by The News Service of Florida’s Brandon Larrabee
May 17, 2017
A panel of the state Constitution Revision Commission deferred a decision Wednesday on how to follow open-government laws as commissioners undertake the once-every-20-years process of recommending changes to the Florida Constitution.
At the same time, county supervisors of elections asked the commission to limit the number of amendments it puts before voters to avoid a long ballot in November 2018.
The debate over the commission’s rules Wednesday came amid weeks of public hearings aimed at getting suggestions from voters about how they would like to see the Constitution altered. The rules would govern how the commission conducts business once members begin in earnest the work of writing proposals.
But the discussions are already proving to be a harder slog than some commissioners had anticipated. By the end of the five-hour meeting Wednesday, members of the so-called working group on the rules had made it roughly a third of the way through a draft of the rulebook, making another meeting necessary.
Perhaps the highest-profile issue taken up Wednesday was how far to go in following the state’s open-meetings laws. Some commission members are hesitant about a proposal that would bar two members from privately discussing commission business, a standard that applies to many government boards across the state but not the Legislature.
Supporters, like Roberto Martinez, an attorney who worked on a similar commission dealing with tax and budget issues a decade ago, argued that the constitution panel should follow the state’s widely admired Sunshine Law.
“For us to make an exception for this very important commission … I think it would be anathema to the traditions of our state,” said Martinez, who spearheaded the push for a stronger open-records rule.
Other members of the panel were more cautious. Some questioned whether the standard could be too far-reaching if it weren’t limited to proposals that have already been filed by commissioners — meaning that discussion of any issue related to the Constitution could be barred.
Brecht Heuchan, a Tallahassee GOP consultant close to Gov. Rick Scott, said he would like to preserve the possibility of conversations with other commissioners who have special knowledge in certain fields.
“I’m going to be against your proposal if it prohibits me (from) being smarter about things I don’t know about,” he told Martinez.
And Timothy Cerio, a former general counsel to Scott who has taken the lead on rules issues, suggested that following a tougher standard could change how commissioners — some of whom support a stronger rule — are already acting.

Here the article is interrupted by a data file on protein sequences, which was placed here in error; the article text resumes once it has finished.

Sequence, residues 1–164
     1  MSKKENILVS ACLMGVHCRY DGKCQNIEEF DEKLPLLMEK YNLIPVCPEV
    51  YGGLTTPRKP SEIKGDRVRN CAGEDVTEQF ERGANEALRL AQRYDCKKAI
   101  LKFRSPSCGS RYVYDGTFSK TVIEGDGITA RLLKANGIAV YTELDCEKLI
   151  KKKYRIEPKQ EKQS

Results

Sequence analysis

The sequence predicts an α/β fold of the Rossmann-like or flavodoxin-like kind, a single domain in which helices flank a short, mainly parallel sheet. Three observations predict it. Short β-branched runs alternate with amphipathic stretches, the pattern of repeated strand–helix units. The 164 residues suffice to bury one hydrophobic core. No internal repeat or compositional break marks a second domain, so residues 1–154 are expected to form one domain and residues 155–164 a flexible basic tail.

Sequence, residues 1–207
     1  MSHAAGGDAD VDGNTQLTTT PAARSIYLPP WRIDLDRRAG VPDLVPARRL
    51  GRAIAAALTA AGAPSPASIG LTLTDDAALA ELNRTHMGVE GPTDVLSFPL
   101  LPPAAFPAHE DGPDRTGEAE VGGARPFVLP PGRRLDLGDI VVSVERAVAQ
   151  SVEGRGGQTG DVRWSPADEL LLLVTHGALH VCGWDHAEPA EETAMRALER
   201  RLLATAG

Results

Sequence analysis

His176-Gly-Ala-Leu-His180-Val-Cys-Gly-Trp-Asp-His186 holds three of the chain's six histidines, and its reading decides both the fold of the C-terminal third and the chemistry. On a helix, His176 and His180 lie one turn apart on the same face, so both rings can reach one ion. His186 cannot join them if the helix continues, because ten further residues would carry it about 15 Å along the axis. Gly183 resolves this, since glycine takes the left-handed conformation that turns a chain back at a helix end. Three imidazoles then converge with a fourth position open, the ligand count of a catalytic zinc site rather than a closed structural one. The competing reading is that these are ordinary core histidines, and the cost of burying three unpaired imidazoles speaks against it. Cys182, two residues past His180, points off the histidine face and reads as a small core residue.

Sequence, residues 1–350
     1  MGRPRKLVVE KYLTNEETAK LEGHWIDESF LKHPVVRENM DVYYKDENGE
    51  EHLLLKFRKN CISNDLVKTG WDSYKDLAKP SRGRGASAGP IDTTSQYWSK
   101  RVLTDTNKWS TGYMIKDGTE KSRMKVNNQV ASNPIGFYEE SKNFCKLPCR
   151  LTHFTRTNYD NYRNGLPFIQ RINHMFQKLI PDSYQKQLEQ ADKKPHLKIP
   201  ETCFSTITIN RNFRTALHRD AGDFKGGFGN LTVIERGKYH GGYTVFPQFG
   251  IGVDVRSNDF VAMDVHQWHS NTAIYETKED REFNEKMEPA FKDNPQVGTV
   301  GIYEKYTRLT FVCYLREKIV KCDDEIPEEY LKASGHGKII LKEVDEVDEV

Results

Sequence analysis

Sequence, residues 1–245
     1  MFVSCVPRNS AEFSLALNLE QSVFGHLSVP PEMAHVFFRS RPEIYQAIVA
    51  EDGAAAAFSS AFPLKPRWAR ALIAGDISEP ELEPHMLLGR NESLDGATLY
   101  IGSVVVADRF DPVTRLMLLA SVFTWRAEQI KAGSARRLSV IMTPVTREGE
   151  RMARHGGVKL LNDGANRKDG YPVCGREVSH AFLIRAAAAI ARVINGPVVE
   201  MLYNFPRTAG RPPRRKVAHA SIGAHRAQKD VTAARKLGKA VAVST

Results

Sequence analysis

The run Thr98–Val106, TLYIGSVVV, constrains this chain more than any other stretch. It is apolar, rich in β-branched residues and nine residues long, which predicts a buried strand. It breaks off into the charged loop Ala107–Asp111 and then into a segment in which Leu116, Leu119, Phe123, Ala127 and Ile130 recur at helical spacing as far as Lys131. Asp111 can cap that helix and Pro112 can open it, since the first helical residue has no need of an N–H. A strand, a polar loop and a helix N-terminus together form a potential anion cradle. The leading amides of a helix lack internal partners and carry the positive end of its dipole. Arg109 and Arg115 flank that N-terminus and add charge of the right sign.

“But they have also, because we haven’t adopted rules yet, they’ve had a lot of questions answered, they’ve had a lot of comment that was outside the Sunshine, and that’s going to stop,” he said.
Ultimately, members decided to hold off on a decision and wait for a written proposal by the commission’s staff incorporating some of the ideas floated at the meeting.
Other issues also cropped up, some of which showed rifts that could form between members appointed by Scott; House Speaker Richard Corcoran, R-Land O’ Lakes; Senate President Joe Negron, R-Stuart; and Supreme Court Chief Justice Jorge Labarga. Attorney General Pam Bondi is automatically on the panel because of her position.
The group adopted, on a divided vote, a recommendation requiring that a committee that will set the agenda for commission meetings include two members each from the lists of Scott, Corcoran, Negron and Labarga’s appointments. Bondi would also sit on the committee.
Also on Wednesday, the Florida State Association of Supervisors of Elections urged members to avoid putting too many ideas before voters in November 2018. Each amendment proposed by the commission will have to get the support of 60 percent of voters to take effect.
In a letter to the commission, association President Chris Chambless raised the specter of the 2012 elections, which featured a slate of constitutional amendments, mostly proposed by the Legislature, that were blamed for helping create long lines at some polling places.
“While we recognize and applaud the immense duty and responsibility of the commission’s purpose of reviewing Florida’s Constitution and proposing changes for voter consideration, we urge you to take into strong consideration the overall length of the ballot when considering the number of amendments to be placed on the ballot,” Chambless wrote. [READ MORE]